For example, Christ doesn't heal a Christian when it's time for them to go to heaven (Psalm 139:16). It's obvious from practical experience that Christ doesn't heal every Christian of everything, because all Christians age, get sick, their bodies die, and they go to be with the Lord. Sin's curse still rests on this material world, in spite of Christ's death. The earth still groans. Christians groan with it (Romans 8:22-23). There were a few extraordinary cases in Scripture where a believer got to go to heaven without dying (Enoch, Elijah), but the rest of us age, wear down, and most of us will die of natural causes.
The Lord doesn't heal when he is punishing sin. King Uzziah sinned grievously by intruding into the sacred role of the priests. Uzziah should have known better! In fact, he did know better, which is why God smote him so sternly. I do not doubt that God forgave Uzziah, but the text says God never took the leprosy away (2 Chron. 26:27). God could have healed Uzziah (He did for Miriam in Numbers 12:10-15), but He did not. Uzziah died a leper.
Any sin can be forgiven, but the punishment of the sin might remain. Sin , especially sin by a leader, always carries serious consequences, and some of those consequences involve physical ailments. Paul said in 1st Corinthians 11:30 that some of the Corinthian congregation were weak and sick, and some had died, because of their selfish mistreatment of others in the flock and the way they dishonored the Lord's Table.
Christ doesn't heal while He is testing faith (Job 1-2). Not every sickness is punishment for sin, and we commit the sin of Job's judgmental friends if we assume this. It's a sin to just automatically assume a sick Christian is in unbelief or did something wrong. God Himself, in Job 1, said Job was a man of excellence, guiltless, so teachings that Job somehow brought his illness upon himself are wrong. Rather, God was vindicating His own praise of Job's faith, and shaming the devil for claiming Job was a religious mercenary, although Job never knew that (and God didn't tell him).
James 5:11 promises God will reward us as we come through His tests in faith. Job's example shows us that illness is one of those tests, along with natural disasters (lightning killed some of Job's herds, a windstorm collapsed a house on his children) and crime (gangs of thieves murdered Job's workers and stole all his flocks). But the Lord eventually stops the test, and rewards the believer.
Christ doesn't heal the payback for foolishness. Not everything bad is from the devil. Some of our problems are self-inflicted. Proverbs 3:18 says wisdom is a tree of life and blessing, so what fruit do you imagine foolishness grows? Elsewhere in Proverbs, Solomon says that drunks get bruises, lazy people get poverty, adulterers get beaten up by jealous husbands, and schemers fall into the pits they themselves have dug. Christians could catch AIDS because of immorality, and they shouldn't count on Christ miraculously healing them of it.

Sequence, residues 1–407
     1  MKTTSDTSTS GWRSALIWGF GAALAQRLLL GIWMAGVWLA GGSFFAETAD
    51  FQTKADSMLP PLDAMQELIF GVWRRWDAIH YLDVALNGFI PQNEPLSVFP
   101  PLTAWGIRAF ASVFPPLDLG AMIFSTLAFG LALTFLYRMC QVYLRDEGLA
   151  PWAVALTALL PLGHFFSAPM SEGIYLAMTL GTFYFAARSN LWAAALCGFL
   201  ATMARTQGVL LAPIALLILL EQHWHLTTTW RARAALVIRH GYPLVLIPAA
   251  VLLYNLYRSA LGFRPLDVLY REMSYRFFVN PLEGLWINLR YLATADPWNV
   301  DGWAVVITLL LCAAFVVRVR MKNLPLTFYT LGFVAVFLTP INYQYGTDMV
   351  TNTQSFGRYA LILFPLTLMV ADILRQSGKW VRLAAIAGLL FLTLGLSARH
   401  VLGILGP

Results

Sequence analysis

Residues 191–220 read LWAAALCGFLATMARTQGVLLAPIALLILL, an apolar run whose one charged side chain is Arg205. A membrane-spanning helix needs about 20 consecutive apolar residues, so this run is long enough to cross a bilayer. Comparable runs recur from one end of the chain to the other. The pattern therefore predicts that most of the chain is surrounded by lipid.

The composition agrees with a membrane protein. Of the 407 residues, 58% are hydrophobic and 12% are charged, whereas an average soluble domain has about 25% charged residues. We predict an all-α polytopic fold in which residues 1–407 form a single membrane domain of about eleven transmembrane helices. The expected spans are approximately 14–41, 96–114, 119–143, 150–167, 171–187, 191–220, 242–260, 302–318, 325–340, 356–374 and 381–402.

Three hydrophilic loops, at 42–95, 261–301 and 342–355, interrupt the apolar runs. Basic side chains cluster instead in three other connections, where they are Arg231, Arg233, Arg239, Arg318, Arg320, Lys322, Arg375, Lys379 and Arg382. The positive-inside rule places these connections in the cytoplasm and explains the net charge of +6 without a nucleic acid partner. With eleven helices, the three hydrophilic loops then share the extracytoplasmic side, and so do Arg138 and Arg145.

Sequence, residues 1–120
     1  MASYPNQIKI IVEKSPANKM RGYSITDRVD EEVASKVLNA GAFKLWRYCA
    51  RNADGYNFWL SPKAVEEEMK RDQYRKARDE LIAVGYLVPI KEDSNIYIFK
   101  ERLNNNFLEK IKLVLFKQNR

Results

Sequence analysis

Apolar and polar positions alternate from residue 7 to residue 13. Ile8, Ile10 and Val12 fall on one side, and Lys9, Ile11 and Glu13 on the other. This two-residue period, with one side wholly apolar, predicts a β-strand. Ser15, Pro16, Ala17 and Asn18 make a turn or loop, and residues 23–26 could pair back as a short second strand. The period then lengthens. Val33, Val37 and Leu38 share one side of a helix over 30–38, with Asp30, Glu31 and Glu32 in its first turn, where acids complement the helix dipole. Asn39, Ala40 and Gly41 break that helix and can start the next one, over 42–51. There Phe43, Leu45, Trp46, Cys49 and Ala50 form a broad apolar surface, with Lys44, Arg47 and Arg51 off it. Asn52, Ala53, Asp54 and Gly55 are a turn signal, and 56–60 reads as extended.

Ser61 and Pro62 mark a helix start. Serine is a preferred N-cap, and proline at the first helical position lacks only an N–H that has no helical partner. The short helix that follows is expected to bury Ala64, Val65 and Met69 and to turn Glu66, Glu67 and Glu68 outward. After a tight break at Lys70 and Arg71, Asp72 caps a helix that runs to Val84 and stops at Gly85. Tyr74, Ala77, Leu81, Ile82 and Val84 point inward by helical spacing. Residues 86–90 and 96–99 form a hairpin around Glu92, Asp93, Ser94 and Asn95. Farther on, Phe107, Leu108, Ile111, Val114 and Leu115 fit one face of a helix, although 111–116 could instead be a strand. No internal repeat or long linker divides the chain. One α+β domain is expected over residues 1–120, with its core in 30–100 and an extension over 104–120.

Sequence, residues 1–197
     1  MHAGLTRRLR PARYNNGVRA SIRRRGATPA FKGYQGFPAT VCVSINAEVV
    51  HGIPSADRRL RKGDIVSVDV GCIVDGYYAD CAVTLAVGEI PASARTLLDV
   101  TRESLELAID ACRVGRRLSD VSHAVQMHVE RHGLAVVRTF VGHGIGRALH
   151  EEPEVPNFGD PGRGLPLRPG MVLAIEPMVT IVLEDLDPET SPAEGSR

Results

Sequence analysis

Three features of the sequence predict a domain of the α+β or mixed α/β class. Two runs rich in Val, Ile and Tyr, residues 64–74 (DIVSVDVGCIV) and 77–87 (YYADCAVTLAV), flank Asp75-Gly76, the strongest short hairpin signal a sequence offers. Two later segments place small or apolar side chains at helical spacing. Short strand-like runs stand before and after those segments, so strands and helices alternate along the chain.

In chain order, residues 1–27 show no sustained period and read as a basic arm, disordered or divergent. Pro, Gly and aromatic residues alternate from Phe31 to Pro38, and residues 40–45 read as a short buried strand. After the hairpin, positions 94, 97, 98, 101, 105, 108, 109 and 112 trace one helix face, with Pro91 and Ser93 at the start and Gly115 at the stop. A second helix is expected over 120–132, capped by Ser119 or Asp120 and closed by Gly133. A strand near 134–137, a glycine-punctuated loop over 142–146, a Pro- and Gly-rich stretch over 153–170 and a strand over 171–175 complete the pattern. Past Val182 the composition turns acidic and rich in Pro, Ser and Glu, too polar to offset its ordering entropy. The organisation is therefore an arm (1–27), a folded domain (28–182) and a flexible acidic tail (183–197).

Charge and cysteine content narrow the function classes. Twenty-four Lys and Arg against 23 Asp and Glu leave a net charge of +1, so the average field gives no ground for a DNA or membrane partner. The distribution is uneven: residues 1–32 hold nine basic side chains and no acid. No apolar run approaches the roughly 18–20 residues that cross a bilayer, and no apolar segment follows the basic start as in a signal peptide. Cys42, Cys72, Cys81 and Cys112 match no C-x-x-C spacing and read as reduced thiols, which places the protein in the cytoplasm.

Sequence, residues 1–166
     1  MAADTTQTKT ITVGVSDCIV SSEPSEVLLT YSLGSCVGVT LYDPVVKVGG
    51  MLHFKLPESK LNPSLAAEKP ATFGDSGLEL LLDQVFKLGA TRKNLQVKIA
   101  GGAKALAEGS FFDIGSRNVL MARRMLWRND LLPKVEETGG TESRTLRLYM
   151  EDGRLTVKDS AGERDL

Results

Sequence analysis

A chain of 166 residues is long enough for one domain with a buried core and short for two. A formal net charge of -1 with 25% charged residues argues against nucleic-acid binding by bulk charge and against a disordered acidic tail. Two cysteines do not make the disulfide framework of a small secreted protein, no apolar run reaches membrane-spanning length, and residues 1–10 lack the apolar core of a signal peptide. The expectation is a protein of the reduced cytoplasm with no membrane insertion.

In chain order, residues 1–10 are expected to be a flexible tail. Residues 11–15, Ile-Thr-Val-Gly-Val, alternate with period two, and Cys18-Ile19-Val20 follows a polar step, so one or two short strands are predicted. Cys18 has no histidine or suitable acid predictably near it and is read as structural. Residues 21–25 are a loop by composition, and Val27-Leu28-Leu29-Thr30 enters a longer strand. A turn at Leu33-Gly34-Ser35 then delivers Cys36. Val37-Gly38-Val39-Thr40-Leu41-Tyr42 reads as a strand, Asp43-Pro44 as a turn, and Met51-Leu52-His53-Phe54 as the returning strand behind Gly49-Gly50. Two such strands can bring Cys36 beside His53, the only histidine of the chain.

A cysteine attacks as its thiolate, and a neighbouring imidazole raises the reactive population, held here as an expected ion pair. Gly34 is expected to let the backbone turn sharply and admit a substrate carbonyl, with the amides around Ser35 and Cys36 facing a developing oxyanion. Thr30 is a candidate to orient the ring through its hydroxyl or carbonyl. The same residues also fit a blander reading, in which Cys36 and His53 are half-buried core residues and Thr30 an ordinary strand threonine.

Christ knew not to throw Himself off the temple mount on the notion that God would catch Him, because you don't try to force God's hand by deliberately doing stupid, reckless things (Luke 4:9-12). Christ will let us live with the physical consequences of our own foolishness.
Christ doesn't take away the physical scars of persecution. In Galatians 6:17, Paul reminded his readers he still carried in his body the scars of Christ -- referring to wounds left on him by persecution. Paul suffered physically in his service to Christ. In 2 Corinthians 11:25, Paul said he had been pelted with stones and beaten with rods for the Gospel. He still had those scars. Christ allowed Paul to carry those badges of faithful honor in his body, like the medals of a military hero.
Psalm 103 doesn't contradict these other passages. Instead, we take them all side-by-side, believe all of them, and, with the help of other sound Christian teachers and thinkers, think through the best way to harmonize them. Unlike the saving forgiveness of sin, God makes certain exceptions to His normal, default work of ministering to His people's diseases. In the end, all of God's people will be forever immortal, vital, and whole through the redeeming work of His Son.